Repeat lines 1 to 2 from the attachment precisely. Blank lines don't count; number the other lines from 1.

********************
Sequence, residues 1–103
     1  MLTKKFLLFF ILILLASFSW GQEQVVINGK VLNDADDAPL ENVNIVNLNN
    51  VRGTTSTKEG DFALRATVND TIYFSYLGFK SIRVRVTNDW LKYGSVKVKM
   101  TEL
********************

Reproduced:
Sequence, residues 1–103
     1  MLTKKFLLFF ILILLASFSW GQEQVVINGK VLNDADDAPL ENVNIVNLNN